I was “fired” this morning at 9:30 a.m. as a patient by this cold and distant female podiatrist.
I had seen her twice before. She recommended an MRI and physical therapy.
My physical therapist recommended I see Dr. Remy Ardizzone a third time, today, because he felt my foot was still too sensitive to physical stress after four sessions of PT.
He had suggested to her I be put on a fracture boot, something I’d worn for 8 weeks already when I suffered the initial foot injury in July.
I didn’t want to go back on the fracture boot, but I brought it with me to my appointment this morning just in case she was going to recommend it and I could show her the type of boot I have used before.
Dr. Ardizzone looked at me, then at her file on me, admitted to me that my physical therapist had spoken with her, and then asked, “What are your expectations?”
I questioned her questioning me about any expectations. I was not on the stand to testify here.
I had been referred by my physical therapist for further evaluation.
It was her duty to respond to the physical therapist’s suggestions regarding me.
“Are we having an argument?” I asked the doctor. “I just want my foot to feel normal.”
“Well, you’ve been very reluctant to follow the protocols.” She was absolutely wrong in making such a statement.
“I have done everything you have asked me to do,” I said. “You have asked me to not exercise except for a half-hour every other day maximum.
You have asked me not to walk long distances. You have asked me to go to physical therapy.
I’ve followed your every instruction. Yes, when you first told me to stop exercising, I balked about it, but I did everything you said after all.
There’s been no reluctance on my part. What is your problem?”
She replied, “I have a problem with you shouting at me.” This woman was cold and full of hyperbole when she spoke.
I had not been shouting at her; I had raised my voice and it was expressing my exacerbation and excitement regarding the (to me) inappropriate and off-putting question she posed me.
“I want to know what are your expectations,” I said.
“That’s it,” this doctor announced. “I’m through with you.
I’m sorry we are not a match for you. I suggest you find someone else.”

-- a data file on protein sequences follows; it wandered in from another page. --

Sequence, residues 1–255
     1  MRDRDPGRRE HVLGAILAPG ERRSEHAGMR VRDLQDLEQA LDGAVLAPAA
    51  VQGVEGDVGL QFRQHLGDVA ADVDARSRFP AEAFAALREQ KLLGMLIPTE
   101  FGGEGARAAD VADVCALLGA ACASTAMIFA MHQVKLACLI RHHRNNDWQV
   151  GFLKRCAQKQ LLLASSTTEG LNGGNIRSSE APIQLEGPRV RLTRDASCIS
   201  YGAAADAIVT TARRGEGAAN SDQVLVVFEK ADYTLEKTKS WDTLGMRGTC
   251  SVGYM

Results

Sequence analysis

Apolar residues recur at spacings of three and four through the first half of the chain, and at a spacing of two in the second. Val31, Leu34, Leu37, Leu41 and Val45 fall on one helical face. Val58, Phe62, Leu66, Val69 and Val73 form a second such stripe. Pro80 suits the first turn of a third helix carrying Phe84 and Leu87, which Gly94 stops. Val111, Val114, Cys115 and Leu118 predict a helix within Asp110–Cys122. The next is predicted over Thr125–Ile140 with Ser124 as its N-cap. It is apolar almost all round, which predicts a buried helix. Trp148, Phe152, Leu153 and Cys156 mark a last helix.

And with that remark, the doctor opened the office door and walked briskly down the hall. She was done with me, painful Lisfranc injury or not. I was toast.
In the hallway, I was walking towards the exit when I saw her scurrying away, and I called out to her from about ten feet away, “Dr. Ardizzone, I think your behavior is really unprofessional.”
Dr. Ardizzone stopped, turned on her high heels in her starched white coat and exclaimed, “I told you this conversation is over. Now I’m going to call security.”
Unbelievable verbal and physical behavior exhibited by a so-called medical professional, left me completely in the lurch as to what to do next about my sore and painful foot.
I had injured it just walking in July, no heavy lifting, no sudden bang against my foot.
The first podiatrist I saw put me in a boot for 8 weeks but failed to give me guidelines as to what protocols to follow after removing me from the boot.
My insurance then switched from Blue Cross to Medicare in the meantime, so I thought I’d try a new doctor with my new insurance.
The physical therapy Dr. Ardizzone prescribed was so light and ineffectual that it provided nothing useful toward my healing, and yet the physical therapist concluded that my foot was too sensitive even for light physical therapy.
As far as I understand, Lisfranc injuries are very difficult to treat (and that’s the kind of injury I have) and I think Dr. Ardizzone not only knew she was in over her head in regard to my treatment but she wanted to start an argument in order to dismiss me so she could avoid getting in any deeper than she already was.
She hadn’t a clue really as to how to help someone with a Lisfranc injury. Better to blame the patient.
Don’t count on Dr. Ardizzone to have any psychological understanding either of different types of personalities or people.
She’s not equipped to handle anyone who isn’t a robot or compliant dummy. Strange, for an Italian.
Most Italians I know can cut conflict with a knife and can “get real.” Not this woman.
She’s brittle, even if she is a blonde with beautiful blue eyes. Stay away.
I’ve already contacted Medicare in order to learn how to stop Dr. Remy Ardizzone from trying to collect on this “visit” that was nothing but a blow-out and display of this doctor’s poor quality of care.
There is a Quality Improvement telephone number for Medicare: 1-877-588-1123.
If anyone else suffered from poor quality of care through Medicare by a doctor, you can dial the above-mentioned telephone number.
I’m also going to contact the billing department of Medicare in order to stop payment for this visit as well.